– user16
    Feb 11 '15 at 15:18

The question is actually incomplete, since it doesn't specify whether a logical "low" or a logical "high" lights the green LED. Usually in such cases, you must assume that you need a logical "high" to light the LED. Therefore, your logic needs to generate a logical "high" only when both inputs are logical "low".

  • $\begingroup$ Yes I am aware of that. Until I get a reply from my lecturer, I'm assuming that a LOW (switched off) would indicate when both the inputs are LOW. Thanks for the reply. $\endgroup$ Feb 11 '15 at 13:51

First of all, be careful to only answer what you are asked. This will be relevant in your school work, but also during your professional career.

For example, your question "Therefore my solution for 3.1 [...] would be using an OR gate." is irrelevant in the case of the 3.1 question where you are only asked the truth table. As its name implies, a truth table is a table, which you already have a part of.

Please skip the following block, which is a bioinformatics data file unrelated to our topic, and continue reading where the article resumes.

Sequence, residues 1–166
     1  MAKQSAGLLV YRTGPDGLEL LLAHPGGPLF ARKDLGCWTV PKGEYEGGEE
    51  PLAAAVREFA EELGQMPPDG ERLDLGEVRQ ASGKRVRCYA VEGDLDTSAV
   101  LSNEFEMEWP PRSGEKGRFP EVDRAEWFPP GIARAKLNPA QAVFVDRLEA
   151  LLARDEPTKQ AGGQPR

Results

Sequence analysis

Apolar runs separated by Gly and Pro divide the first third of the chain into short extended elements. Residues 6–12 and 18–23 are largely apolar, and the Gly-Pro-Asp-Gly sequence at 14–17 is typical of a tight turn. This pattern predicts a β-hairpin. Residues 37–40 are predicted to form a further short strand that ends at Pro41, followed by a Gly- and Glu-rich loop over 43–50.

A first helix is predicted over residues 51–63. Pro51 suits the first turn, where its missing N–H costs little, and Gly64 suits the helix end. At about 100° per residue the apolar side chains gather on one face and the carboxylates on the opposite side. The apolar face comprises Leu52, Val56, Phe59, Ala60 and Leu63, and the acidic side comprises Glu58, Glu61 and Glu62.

Also, usually in engineering, the answer to one question uses the output of the previous question. This scheme of thinking also applies to your professional life, where you divide your [big] problems into smaller ones more manageable.

I know I do not directly answer the question, but being able to see if you're on the right track (and find your mistake if you're not) is also an ability of an engineer.

  • $\begingroup$ Thanks for the advice. I only wanted to post my idea to the solution, to check if I'm on the right track. $\endgroup$ Feb 11 '15 at 13:59
  • $\begingroup$ If you follow my advices, you will realize that you mainly are. $\endgroup$
    – gromain
    Feb 11 '15 at 14:00

Therefore my solution for 3.1 and 3.2 would be using an OR gate. Would I be correct on this?

If the LED turn ON when the input for the LED is LOW, then yes.

I would assume that it is the other way around (a HIGH state would turn the LED on). Then you would just invert the output (i.e. use a NOR gate)

As an advice, DeMorgan's law might become handy when you are solving this.

$\overline{A+B} = \overline{A} \cdot \overline{B}$

$\overline{A \cdot B} = \overline{A} + \overline{B} $


Your Answer

By clicking “Post Your Answer”, you agree to our terms of service, privacy policy and cookie policy

Not the answer you're looking for? Browse other questions tagged or ask your own question.